The third characteristic of David's young life, that enabled him to pray with such boldness, was his utter dependence on God. When David faced Goliath, he did not go with Saul's armour. He refused the armour not because it didn't fit, for surely there was armour available that would have fit his size. He refused the armour because it represented a dependence on human ingenuity. He wanted every one to know who the real Protector of Israel was. He went to battle the giant depending on God.

When David faced Saul at En-gedi after the robe trimming incident, he explained his refusal to harm Saul in this way:

1Sa 24:12 The LORD judge between me and thee, and the LORD avenge me of thee: but mine hand shall not be upon thee.

David knew that God had anointed him to be king. He knew that one day he was destined to sit on the throne of Israel. Even so, he would not put forth his hand to take it for himself. He would wait for God to do it in His time and in His way. One whose life is characterized by utter dependence on God will be able to pray boldly.

The point of all this rambling is this: The way we live is vitally connected to the way we pray. We can't live sloppy, half-hearted, semi-worldly lives and expect to pray in holy boldness. Because of the way David lived, he was able to come before God with confidence. Or as someone has said: "As a son seeking approval rather than as a criminal seeking pardon."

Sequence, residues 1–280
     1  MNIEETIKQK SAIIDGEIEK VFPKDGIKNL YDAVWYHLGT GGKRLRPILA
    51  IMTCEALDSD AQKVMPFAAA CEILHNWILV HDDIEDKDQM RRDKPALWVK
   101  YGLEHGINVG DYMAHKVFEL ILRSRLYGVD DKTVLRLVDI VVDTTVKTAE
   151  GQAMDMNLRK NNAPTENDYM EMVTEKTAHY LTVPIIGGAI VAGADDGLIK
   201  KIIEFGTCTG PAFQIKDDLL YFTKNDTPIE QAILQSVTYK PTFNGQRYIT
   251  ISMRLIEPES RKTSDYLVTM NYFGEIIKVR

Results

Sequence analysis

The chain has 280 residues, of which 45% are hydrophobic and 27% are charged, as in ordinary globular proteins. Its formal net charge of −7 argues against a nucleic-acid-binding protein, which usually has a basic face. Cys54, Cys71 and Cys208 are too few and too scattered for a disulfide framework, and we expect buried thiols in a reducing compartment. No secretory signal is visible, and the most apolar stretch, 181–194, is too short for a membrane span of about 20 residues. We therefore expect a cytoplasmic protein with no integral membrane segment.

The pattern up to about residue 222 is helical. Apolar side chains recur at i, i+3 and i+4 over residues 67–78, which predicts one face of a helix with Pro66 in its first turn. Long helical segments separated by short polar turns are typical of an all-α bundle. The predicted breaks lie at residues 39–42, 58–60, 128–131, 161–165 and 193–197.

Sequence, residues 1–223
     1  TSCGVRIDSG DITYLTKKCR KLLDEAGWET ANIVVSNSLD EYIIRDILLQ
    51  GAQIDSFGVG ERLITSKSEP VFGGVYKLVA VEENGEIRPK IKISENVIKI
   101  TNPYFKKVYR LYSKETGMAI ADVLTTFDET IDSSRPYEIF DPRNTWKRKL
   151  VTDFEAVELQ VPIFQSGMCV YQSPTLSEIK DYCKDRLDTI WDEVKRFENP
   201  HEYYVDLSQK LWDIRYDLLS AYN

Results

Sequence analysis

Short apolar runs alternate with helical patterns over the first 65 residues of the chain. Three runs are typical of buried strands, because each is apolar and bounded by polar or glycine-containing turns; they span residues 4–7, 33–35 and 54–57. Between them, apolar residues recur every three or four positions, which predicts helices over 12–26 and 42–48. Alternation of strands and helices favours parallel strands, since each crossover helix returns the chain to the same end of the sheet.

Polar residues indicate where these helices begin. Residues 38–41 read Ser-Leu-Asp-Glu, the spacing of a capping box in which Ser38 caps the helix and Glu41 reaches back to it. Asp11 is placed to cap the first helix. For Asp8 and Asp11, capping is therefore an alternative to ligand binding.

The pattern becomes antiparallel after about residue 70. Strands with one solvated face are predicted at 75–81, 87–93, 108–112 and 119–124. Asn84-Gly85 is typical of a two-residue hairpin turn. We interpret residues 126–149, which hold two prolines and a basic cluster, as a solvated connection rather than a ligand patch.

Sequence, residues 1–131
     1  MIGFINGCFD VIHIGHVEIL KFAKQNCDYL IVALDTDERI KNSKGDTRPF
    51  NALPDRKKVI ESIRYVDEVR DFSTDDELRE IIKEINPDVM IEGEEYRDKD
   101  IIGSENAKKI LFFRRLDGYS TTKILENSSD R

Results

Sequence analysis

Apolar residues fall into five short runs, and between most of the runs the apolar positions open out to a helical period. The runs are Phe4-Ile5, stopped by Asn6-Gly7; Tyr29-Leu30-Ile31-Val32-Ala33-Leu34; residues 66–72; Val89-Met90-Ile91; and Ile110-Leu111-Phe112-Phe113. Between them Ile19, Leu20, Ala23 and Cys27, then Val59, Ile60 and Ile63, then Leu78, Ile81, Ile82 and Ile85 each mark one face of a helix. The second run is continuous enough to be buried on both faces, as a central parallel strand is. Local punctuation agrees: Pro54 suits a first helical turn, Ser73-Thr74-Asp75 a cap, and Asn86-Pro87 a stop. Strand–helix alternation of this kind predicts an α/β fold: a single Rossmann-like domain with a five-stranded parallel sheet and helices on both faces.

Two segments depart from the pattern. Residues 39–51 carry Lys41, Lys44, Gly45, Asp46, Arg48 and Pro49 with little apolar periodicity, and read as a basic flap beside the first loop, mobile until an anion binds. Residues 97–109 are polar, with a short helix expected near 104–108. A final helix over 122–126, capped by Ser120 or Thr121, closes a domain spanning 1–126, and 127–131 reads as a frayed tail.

"The whole life must pray"(Tozer), not just our lips.


Kim said...

We can't live sloppy, half-hearted, semi-worldly lives and expect to pray in holy boldness.


Great post. I just love the Psalms.

Pastor Mike Paris said...

Do you have Psalm 119:33-40 in your proposed journey of prayers from the psalms. It is 8 verses of requests! All of this section is in the form of request. Interestingly enough, the "He" hebrew character is a window. It is as if the psalmist is saying open the windows of heaven and pour down on me the blessings of the heavenlies!
I too love the psalms! They are songs of the heart and soul. The seedbed for great prayers.

Pastor Mike Paris said...

I almost forgot!
The prayers of the psalmist in PS 119 (He) begin with "teach me the way of your statutes" = "living by the book" = "the way we live governs the way we pray" & "the way we pray governs the way we live"


Garry Weaver said...


The plan is to go thru all the Psalms seeking encouragement and instuction in prayer, so yes, Ps.119 is on the radar screen but still a long way off.

Thanks for visiting and commenting.

Anonymous said...

These are good thoughts, Bro. Garry. If more Christians would get a handle on this, we would undoubtedly have more power in our churches.

Bobby said...

Exactly. The Psalms are so underutilized. What a prayer book! What a hymn book! What an instruction manual!

Good thoughts. Our words are like checks -- meaningless if there's nothing "in the bank" to back them up.